An in-depth look at levels of immunity among students and congregants
Can banning unvaccinated children and adults be a reasonable and effective tactic to keep our community safe?
What role, if any, do varying levels of immunity among vaccinated individuals play in disease outbreaks?
The foremost reason for banning unvaccinated individuals from schools and shuls (synagogues) is the claimed high rate of mortality and serious adverse events. Is the death rate from measles really 1 in 1,000, as is reported?
1. Statistical data prior to the introduction of the measles vaccine in 1963 shows a 98% decline in mortality from measles by 1960. By that time, the measles death rate had dropped to 1 in 500,000 population. The same is similarly true for all other infectious illnesses.
2. CDC measles data for the five years prior to the introduction of the vaccine reveals an estimated
3-4,000,000 cases of measles annually and between 450 – 500 deaths per year (elsewhere they state an average of 432 deaths). Thus, the death rate was about 1 in 8,000, not 1 in 1,000, of those who contracted measles.
3. Since 2003 there has only been one confirmed case of a measles death in the US.
4. Historical records of developed nations from before 1963 describe measles as a mild to moderately severe ailment with low mortality; it is generally, and more easily, experienced by young children. The few adults who contracted measles were severely affected.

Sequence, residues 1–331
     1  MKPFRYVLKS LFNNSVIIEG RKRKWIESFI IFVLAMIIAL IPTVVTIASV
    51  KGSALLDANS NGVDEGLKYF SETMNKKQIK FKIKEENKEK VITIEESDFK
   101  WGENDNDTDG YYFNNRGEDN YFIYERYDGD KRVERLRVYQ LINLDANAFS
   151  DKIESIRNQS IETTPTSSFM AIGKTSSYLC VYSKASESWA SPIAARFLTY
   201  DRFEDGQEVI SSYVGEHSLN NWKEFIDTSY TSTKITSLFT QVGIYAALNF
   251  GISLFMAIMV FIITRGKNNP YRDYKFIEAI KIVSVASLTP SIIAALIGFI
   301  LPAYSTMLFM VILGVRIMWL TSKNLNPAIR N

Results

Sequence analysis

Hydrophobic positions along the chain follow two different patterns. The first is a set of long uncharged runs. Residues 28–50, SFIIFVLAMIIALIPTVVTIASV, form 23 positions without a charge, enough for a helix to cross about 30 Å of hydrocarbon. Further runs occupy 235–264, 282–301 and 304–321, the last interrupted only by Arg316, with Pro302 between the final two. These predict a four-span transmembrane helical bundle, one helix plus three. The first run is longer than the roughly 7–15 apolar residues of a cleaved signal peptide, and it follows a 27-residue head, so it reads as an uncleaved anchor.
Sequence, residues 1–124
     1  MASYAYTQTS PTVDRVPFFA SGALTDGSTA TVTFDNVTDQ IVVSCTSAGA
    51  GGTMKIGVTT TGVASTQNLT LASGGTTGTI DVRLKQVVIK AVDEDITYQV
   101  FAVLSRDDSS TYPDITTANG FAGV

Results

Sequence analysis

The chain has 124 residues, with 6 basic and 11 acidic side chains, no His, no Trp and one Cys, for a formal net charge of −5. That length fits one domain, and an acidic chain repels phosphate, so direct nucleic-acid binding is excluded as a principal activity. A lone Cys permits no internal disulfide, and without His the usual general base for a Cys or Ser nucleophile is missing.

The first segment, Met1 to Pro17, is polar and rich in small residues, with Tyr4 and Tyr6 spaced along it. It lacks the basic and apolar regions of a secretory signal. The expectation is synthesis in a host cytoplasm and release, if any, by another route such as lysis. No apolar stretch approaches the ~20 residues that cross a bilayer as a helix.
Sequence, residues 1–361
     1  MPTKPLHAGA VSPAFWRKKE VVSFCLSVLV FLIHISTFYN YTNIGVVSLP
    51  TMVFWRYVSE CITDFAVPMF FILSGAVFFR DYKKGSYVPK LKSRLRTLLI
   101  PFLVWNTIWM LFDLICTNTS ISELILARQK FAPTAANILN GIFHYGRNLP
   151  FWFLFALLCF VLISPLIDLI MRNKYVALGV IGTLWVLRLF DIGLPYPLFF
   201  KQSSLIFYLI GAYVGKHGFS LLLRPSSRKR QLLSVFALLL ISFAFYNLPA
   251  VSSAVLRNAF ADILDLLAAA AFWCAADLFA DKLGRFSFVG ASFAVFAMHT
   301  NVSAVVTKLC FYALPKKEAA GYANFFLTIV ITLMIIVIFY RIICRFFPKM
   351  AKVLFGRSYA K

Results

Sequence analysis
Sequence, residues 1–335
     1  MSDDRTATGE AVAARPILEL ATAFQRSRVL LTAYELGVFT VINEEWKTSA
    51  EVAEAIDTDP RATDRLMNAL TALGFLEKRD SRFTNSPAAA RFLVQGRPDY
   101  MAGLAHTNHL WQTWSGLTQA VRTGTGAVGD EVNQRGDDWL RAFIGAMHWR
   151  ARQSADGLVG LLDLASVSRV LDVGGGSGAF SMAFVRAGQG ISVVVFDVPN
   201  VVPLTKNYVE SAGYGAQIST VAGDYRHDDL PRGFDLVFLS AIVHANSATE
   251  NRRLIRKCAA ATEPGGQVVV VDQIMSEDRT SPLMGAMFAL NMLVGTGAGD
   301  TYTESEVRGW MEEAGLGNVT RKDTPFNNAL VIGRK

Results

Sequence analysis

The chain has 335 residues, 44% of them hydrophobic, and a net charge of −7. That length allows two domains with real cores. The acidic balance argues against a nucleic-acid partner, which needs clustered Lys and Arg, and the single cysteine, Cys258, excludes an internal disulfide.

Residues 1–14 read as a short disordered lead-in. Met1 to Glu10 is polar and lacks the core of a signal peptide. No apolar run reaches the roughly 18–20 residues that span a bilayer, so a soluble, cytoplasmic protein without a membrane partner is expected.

Unvaccinated children are said to present a greater threat to the immunocompromised and the general public than the vaccinated. Is this true?
Immunologist Tatyana Obukhanych, PhD says no. She explains that many recommended vaccines only prevent symptoms of illness but not transmission and others are for noncommunicable infections1.
Can anyone other than the unvaccinated contract and transmit infectious illnesses? Yes, for the following reasons:
1. Vaccine failure:
a) Studies by vaccinologists show that primary (failure to produce an immune response) and secondary (waning immunity) vaccine failure results in outbreaks among highly vaccinated populations. They predict that due to the vaccine, measles will become more endemic in the near future and, rather than just affecting young children, the entire population will be susceptible.
b) Children have been shown to be 42% more likely to contract whooping cough (due to waning) in the first year after receiving the last of 5 doses and, increasingly, every year thereafter.
2. Vaccinated individuals can contract strains of a virus for which the vaccine doesn’t protect them.
3. Some vaccines only prevent vaccinated individuals from having symptoms but not from colonizing and transmitting the infection to others.
4. Some vaccines are known to not be very effective.
5. Vaccines are a class of pharmaceuticals called biologics, which are not uniformly potent from batch to batch. They can also lose potency post production and can expire.
6. Vaccinated individuals can shed vaccine strain virus and infect others.
7. Vaccinated individuals can get vaccine strain measles or mumps as an adverse event after vaccination.
Lab testing is needed to identify vaccine and wild-type strains of infection so those recently vaccinated cases are not counted as part of an outbreak.
Vaccinated individuals who contract these infections often have subclinical cases making them more dangerous than unvaccinated individuals since they can spread infection on a large scale without even knowing it. Asymptomatic vaccinated individuals may be responsible for an outbreak while the unvaccinated individuals merely make the outbreak known. The immunocompromised can be exposed even in a fully vaccinated population. Public policy based on scientific evidence must consider this scientific evidence. It is illogical and unfair to prevent unvaccinated individuals from attending shul (synagogue), school, and other public events, while potentially infectious and asymptomatic vaccinated individuals can.